peptide ligands) (18) or with low concentrations of peptides (19,
20) favors Th2 differentiation. If such low-affinity responses are
normally ‘‘outcompeted’’ when high-affinity interactions also
occur, then one could anticipate that, in a population of limited
diversity, on the average, Th2 differentiation of activated CD4 T
cells would be favored. A related possibility is raised by a recent
report that Tregs exert preferential control of CD5loweffectors
(21). Such cells presumably have lower affinity for self; thus, in
the absence of Tregs their ‘‘self’’ response would be relatively
favored, and, if they tended to develop into Th2 cells, then a
preferential self-specific Th2 response in the absence of Tregs
would be expected, which might be even more marked with a
limited repertoire diversity.
Many of the lymphopenic C57BL/6 mice receiving CD25?
Treg-depleted cell populations did not develop colitis, which
would have been expected with such transfers (22). Differences
in gut microflora could potentially explain this. Interestingly, in
a different National Institutes of Health animal facility, transfer
of 5 ? 105CD45RBhiCD4 cells into C57BL/6 Rag2?/? recip-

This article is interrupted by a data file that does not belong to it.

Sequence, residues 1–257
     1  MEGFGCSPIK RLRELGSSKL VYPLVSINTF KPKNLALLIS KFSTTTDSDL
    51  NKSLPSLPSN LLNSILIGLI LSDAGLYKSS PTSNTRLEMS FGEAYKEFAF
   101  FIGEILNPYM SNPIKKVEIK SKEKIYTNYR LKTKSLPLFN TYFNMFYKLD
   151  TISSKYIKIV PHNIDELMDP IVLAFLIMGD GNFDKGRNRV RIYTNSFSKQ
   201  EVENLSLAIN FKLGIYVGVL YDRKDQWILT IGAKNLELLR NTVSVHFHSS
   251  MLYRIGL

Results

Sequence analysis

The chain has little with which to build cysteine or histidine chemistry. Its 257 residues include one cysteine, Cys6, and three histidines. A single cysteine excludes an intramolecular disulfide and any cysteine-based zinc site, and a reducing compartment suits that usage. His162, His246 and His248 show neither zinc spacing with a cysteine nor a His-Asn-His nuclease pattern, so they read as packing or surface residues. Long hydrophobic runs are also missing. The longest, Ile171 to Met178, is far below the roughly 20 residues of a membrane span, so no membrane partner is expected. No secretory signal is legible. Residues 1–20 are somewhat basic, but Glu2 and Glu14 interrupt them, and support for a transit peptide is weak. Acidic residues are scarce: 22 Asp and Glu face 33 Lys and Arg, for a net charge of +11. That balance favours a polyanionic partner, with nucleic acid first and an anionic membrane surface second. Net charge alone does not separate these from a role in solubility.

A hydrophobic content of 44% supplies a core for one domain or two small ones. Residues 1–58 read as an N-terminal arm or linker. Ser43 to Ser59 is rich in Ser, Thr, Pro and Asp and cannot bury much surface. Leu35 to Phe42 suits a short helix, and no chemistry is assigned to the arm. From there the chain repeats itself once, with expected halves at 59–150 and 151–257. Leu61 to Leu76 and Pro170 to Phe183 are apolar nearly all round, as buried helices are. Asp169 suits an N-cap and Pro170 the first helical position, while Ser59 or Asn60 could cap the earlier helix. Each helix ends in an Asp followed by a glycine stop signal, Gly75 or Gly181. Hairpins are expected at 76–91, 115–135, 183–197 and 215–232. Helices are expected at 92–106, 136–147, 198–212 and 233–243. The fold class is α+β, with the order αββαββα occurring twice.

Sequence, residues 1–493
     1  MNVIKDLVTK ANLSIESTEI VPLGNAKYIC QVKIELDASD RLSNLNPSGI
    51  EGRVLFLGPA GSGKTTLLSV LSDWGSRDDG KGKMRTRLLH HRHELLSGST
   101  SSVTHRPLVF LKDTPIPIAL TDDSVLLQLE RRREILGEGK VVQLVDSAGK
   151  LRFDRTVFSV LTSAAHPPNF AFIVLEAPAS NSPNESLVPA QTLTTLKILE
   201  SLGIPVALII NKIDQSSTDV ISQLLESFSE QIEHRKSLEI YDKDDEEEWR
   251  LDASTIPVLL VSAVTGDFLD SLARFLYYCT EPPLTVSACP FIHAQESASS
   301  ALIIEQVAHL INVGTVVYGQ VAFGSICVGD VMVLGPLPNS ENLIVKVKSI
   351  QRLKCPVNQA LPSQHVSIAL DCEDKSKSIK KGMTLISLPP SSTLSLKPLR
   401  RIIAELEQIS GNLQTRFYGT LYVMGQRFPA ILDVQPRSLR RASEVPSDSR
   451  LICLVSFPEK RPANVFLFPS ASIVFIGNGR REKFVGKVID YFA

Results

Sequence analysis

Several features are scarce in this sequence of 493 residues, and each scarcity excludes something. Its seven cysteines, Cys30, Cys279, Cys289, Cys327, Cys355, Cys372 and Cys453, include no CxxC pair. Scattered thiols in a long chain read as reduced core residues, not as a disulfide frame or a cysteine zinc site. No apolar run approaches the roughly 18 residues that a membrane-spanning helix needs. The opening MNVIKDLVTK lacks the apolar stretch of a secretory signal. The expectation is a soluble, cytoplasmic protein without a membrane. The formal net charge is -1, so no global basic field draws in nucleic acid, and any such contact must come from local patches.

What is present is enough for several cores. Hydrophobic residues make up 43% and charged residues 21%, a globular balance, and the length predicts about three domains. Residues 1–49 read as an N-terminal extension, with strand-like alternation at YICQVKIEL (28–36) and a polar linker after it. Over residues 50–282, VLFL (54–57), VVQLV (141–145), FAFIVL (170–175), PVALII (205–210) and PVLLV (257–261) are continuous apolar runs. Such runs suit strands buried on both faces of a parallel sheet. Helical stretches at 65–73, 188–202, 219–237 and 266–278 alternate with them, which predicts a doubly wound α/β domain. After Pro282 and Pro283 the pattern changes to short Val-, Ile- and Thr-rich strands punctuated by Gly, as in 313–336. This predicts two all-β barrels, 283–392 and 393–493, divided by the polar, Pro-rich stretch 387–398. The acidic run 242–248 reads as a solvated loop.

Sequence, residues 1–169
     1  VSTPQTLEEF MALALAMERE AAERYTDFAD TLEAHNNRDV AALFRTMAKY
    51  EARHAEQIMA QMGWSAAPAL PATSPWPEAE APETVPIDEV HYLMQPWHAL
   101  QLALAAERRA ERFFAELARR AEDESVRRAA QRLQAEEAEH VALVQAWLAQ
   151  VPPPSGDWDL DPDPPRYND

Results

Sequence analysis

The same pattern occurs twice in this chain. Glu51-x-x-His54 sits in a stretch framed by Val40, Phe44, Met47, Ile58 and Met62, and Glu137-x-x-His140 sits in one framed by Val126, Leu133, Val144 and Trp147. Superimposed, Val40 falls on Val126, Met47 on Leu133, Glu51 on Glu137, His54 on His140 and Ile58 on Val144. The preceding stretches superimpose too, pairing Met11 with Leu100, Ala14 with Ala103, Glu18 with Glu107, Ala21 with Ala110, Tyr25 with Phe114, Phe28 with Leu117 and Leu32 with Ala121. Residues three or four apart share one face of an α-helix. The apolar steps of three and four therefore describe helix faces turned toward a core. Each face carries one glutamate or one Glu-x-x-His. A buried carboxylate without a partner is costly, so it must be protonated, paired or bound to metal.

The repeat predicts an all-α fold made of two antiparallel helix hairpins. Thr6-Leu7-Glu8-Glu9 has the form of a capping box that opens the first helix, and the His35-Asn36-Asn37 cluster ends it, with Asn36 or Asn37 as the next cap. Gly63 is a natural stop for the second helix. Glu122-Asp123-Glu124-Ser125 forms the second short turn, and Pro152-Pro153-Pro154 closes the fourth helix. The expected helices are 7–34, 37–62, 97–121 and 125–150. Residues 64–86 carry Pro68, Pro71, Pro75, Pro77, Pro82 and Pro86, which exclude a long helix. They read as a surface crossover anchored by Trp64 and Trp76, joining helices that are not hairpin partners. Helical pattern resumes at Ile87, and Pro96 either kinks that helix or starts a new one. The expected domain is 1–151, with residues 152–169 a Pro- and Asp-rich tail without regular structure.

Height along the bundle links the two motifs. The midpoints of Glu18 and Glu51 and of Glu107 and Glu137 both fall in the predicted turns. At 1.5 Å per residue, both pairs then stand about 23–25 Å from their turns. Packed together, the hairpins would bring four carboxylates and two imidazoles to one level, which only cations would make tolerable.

ients resulted in colitis only 20% of the time, but in C57BL/10
Rag2?/? recipients such transfer resulted in colitis 80% of the
time. Furthermore, an eosinophilic, Ym1? pneumonia was seen
Table 1. Summary of disease induced by transfer of CD4 or CD25? CD44loCD4 T cells into Rag2?/? mice
30,000 CD25? CD44locells
30,000 CD4 cells
2 million CD25? CD44locells
2 million CD4 cells
AND 30,000 CD4 cells
AND 2 million CD4 cells
Shown are results from three or more separate experiments for each group, with pathology determined at least 4 months after transfer.
Fluorescence microscopy to detect antiparietal cell antibodies in serum from
CD3??/? recipient mice 12 weeks after transfer of 30,000 (Upper Left) or 2
million (Upper Right) sorted CD44loCD25? CD4 T cells. Mouse serum was
anti-mouse IgG antibody was used for detection. Results from the staining
experiment are summarized in Lower.
Antiparietal cell antibodies in mice receiving 30,000 CD4 T cells.
Milner et al.PNAS ?
January 9, 2007 ?
vol. 104 ?
no. 2 ?
20% of time in C57BL/10 recipients but not in C57BL/6,
Rag2?/? recipients (B. Kelsall, personal communication).
Although we were able to detect specific antiparietal cell
autoantibodies in CD3??/? recipient mice with eosinophilic
immunopathology, we were not able to rapidly induce the
disease by transferring cells from the draining nodes of affected
mice to healthy Rag2?/? mice. This finding suggests that the
immunopathologic response may be due to ‘‘bystander’’ effector
functions as opposed to cognate TCR-based recognition of
‘‘autoantigens.’’ This is not surprising given the uniform induc-
tion of disease despite the very low numbers, and hence the
limited TCR diversity, of cells transferred. Bystander, noncog-
nate antigen-driven hyperIgE production in nu/nu or MHC class
II?/? mice has recently been reported and has been attributed
of IL-13 or IL-4 into airways can induce airway hypersensitivity
and mucus metaplasia (23), implying that local cytokine pro-
duction in a ‘‘sensitive’’ environment in and of itself can induce